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S. Korea needs to 'balance' ties with U.S., China: outgoing envoy

South Korea needs to think more carefully about how to "balance" its relations with the United States and China, the outgoing South Korean ambassador to China said Friday, warning that China's "assertive diplomacy" could put Seoul in a dilemma.

While South Korea has repeatedly stressed the importance of Seoul-Washington ties, analysts say China's rise could put South Korea in a strategic dilemma amid possible conflicts of interests between the U.S. and China in Northeast Asia.

"Although Korea-China and Korea-U.S. relations are not said to be a 'zero-sum game,' there could be a situation where we are forced to make a choice between the two relations," Ambassador Kwon said.

"So, we need to think more carefully about how to strike a balance between China and the U.S.," Kwon said.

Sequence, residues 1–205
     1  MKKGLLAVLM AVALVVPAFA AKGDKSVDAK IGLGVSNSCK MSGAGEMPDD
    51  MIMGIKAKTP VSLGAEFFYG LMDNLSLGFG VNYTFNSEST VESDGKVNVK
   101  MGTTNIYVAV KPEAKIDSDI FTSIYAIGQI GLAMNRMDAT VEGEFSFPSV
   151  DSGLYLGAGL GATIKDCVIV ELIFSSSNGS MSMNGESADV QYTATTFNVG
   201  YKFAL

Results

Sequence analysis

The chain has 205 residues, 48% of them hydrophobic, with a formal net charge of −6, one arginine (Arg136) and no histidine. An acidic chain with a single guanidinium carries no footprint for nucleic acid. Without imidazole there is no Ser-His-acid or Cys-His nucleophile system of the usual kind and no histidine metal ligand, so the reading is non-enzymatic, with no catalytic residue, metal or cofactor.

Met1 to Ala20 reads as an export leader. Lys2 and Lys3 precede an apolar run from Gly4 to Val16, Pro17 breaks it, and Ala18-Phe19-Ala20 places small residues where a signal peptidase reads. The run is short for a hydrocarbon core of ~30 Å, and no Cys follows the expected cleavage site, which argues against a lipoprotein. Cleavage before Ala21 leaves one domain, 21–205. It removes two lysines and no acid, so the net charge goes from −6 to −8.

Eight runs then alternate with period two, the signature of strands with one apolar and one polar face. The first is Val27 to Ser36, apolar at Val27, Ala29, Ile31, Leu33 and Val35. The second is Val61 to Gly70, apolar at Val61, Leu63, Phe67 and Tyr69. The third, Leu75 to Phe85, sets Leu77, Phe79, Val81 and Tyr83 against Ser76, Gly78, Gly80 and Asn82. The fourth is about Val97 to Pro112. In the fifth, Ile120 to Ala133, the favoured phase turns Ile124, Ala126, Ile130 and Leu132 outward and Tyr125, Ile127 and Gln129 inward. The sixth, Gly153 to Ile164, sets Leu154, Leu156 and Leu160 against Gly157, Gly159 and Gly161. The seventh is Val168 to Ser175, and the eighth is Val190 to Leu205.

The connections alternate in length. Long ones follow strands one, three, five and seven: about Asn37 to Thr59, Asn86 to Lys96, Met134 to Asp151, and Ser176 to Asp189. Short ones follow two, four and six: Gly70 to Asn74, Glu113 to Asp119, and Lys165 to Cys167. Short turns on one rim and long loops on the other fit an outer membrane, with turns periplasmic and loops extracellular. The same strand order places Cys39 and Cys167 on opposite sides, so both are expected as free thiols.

Referring to "China's rise" and "China's assertive diplomacy," Kwon said it is time for South Korea to pay more attention on its diplomacy with China.

Kwon made no mention of sensitive issues. During his 22-month stint in Beijing, however, China has voiced opposition to a possible deployment of an advanced U.S. missile-defense system in South Korea.

The U.S. has said it was considering deploying a Terminal High-Altitude Area Defense battery in South Korea, home to about 28,500 American troops, to better cope with the growing threats of North Korea's nuclear and missile capabilities. In spite of international sanctions, North Korea continues to pose security threats to Northeast Asia and beyond, by developing its nuclear and ballistic missile programs.

North Korea, which has conducted three nuclear tests since 2006, has threatened to conduct a new nuclear test in response to a U.N. resolution condemning its human rights violations.

(Yonhap)

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